A digitally connected PLM is no longer used by just engineering, either. It’s also used by supply chain, manufacturing, sales, support and other partners across the product value chain and, as such, role-specific user interface and dashboards are needed to ensure each user gets useful role-specific information needed to do his job.
“So, we’ve had to focus on presenting meaningful information based on roles,” Kelley said. “And that’s key, because you need to store a tremendous amount of information about the product in PLM to create that digital thread or enterprise product record you want.”
Oracle does that directly in the UI and in analytics embedded in the application.
“As you’re doing your job you can see analytics and dashboards that are very configurable for your use and your role,” he said. “So, an end user is going to see lower level transactions while a manager’s going to see a dashboard about product health.”
At Siemens, machine learning is used in the integrated NX software for design, simulation and manufacturing.
“We’re gathering data as the user is working with the product on a user’s machine,” Rusk said. “But then we’re putting some machine learning to work and saying that given the last several hours or longer here’s a pattern we’re recognizing. Based on what that user or a larger group of users has done in the past, we can predict what it is they need to do next in order to complete their task.”
There’s still a need for human engineering judgment and making decisions, he added. But artificial intelligence and machine learning can get to those decisions and serve up the information that the user needs much more quickly.
Rusk said making the user experience simpler is “front and center” for its server-based PLM software Teamcenter and Teamcenter’s browser-based entry platform, Active Workspace. Together they’re the primary access to the information of a product that can be presented textually or graphically. That’s because the complexity of its group of users has increased.
“Our users are producing some of the most complicated products in the world, whether you’re talking about automobiles or airplanes or consumer electronics,” he said. “Whatever it might be it requires a broader and broader audience.
“You can imagine that going beyond the traditional desktop environment it opens you up for access from mobile devices,” he said. “It opens it up for other parts of the operation, including sourcing, shop floor, and the engineering department. The idea there is to simplify and flatten the user experience so users can very quickly perform a search, grab the information they’re interested in and proceed to the next step.”
Where does blockchain make sense?
Also part of PLM is track and trace, the system to pinpoint every location of an item and other information.
Oracle this year began offering blockchain applications for intelligent track and trace, lot lineage and provenance (which helps with unique device identifier compliance), intelligent cold chain (documentation of proper refrigeration for perishables) and warranty and usage tracking.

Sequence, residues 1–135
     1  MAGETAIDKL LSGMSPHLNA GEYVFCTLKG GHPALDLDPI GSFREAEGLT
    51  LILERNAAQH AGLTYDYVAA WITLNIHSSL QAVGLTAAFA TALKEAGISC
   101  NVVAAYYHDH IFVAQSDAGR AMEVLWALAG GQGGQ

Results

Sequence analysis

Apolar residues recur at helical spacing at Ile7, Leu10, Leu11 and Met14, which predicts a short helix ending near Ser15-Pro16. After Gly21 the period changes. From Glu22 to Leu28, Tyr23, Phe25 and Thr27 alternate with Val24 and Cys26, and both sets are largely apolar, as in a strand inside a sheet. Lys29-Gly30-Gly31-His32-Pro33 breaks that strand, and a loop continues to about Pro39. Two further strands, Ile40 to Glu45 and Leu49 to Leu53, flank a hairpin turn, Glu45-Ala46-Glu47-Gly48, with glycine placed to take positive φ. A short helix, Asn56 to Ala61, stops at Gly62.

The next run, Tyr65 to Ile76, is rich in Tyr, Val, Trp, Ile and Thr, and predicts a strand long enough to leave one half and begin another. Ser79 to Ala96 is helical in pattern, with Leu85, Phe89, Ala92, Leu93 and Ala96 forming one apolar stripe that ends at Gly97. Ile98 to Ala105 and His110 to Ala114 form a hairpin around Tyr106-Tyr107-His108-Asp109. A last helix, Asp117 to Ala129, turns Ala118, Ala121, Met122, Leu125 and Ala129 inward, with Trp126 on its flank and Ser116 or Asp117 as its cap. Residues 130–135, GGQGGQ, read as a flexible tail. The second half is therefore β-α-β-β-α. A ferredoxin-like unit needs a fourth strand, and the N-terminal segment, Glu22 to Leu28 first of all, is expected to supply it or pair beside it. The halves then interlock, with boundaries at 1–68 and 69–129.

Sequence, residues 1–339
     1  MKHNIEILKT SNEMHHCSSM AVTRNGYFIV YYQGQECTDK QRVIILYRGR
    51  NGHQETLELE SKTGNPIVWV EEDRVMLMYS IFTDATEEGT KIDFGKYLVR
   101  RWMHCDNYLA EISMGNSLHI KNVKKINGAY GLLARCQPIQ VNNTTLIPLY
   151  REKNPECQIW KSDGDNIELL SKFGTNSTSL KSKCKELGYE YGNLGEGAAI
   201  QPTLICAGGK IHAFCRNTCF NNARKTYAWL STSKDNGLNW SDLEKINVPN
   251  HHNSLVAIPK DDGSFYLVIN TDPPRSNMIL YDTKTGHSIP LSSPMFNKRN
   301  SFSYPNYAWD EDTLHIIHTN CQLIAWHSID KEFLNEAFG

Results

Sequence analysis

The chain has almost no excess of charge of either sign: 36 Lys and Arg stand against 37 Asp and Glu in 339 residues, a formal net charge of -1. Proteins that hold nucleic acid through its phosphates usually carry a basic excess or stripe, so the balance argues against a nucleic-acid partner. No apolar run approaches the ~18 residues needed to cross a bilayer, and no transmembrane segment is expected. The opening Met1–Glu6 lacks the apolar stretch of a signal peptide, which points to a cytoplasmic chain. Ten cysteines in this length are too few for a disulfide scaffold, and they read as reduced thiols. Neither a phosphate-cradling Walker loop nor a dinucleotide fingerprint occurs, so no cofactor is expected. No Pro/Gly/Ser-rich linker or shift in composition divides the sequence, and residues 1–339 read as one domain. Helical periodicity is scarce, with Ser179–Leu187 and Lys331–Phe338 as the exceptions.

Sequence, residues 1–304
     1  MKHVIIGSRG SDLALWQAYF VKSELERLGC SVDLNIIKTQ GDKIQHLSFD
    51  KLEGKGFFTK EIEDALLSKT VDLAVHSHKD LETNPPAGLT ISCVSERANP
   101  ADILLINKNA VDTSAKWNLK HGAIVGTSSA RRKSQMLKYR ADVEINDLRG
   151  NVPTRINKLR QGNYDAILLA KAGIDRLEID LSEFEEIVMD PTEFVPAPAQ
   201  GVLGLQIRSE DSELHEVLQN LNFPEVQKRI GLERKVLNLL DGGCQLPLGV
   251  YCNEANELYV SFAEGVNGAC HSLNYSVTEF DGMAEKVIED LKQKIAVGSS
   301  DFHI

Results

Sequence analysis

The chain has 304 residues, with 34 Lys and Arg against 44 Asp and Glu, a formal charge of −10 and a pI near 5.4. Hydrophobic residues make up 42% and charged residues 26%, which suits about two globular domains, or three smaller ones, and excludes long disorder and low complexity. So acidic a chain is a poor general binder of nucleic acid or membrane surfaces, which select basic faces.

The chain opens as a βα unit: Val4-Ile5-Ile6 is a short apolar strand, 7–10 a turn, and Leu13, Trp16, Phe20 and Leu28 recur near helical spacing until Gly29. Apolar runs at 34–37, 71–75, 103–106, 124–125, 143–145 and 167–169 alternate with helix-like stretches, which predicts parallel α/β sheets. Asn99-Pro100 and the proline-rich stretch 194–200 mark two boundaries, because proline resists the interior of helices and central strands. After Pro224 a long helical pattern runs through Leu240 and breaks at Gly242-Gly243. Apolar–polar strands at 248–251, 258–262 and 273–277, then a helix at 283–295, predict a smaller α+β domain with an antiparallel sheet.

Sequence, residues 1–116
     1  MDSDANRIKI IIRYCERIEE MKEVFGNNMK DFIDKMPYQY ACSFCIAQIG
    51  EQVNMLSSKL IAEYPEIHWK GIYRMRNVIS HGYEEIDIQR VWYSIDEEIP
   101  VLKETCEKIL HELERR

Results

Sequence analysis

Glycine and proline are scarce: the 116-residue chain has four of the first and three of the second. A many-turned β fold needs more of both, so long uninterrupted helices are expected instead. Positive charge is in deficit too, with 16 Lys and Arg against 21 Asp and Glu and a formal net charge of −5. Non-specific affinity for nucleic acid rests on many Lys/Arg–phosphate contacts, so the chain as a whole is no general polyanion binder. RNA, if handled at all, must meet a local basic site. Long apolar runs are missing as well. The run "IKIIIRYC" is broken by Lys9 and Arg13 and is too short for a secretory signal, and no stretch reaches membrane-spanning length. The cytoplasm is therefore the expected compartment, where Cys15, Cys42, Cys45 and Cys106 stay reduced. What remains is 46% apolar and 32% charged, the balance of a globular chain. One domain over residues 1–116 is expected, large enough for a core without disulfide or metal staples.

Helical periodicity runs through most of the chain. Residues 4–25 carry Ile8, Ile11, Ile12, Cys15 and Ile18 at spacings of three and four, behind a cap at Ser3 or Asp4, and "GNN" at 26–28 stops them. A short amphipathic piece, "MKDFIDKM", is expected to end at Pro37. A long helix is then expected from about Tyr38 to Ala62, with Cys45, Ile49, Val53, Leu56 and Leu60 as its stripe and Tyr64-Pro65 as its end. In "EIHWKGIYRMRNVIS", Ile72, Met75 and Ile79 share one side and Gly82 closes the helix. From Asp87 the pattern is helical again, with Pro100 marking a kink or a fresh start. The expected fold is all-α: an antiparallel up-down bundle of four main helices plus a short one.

“We consider IoT and the ability to incorporate blockchain as part of our overall footprint,” Kelley said.
Oracle is evaluating blockchain for future bills of material and change management collaboration with outsourced design and manufacturing partners.
Kelley said traditionally the OEM will manage a supplier collaboration by managing the BOM (bills of materials) and engineering changes in their PLM system and then ship off the information to the suppliers who would then pull it into their system. But to his company, collaboration makes blockchain apps a good fit for BOMs and engineering change orders, and Oracle is building plans for them.
“So that’s an area we’ll be targeting for blockchain,” Kelley said. “We don’t have a date or time on that yet, but it’s definitely an area we’ll be leveraging with blockchain to increase the collaboration between partners and the product’s supply chain and value chain.”
Blockchain is an “area of exploration” for Autodesk, Vedantham said.
“We’re also looking at it from a strategic partnership aspect to figure out how best to integrate it,” he added.
And at Siemens, there’s no timeframe for implementing blockchain although it’s an “active area of interest” for the company, Rusk said.
“There’s a concern around counterfeit information that might have been picked up somewhere out on the digital space then gathered and delivered back to the OEM,” he said. “There’s potential for blockchain to be able to insert itself and prevent that from happening in those kinds of scenarios.
“So, I think this approach of allowing it to chase down particular concerns around proper validation, counterfeit, supplier validation, and other types of concerns you might run into in cyberspace is one of the key benefits you get from blockchain.”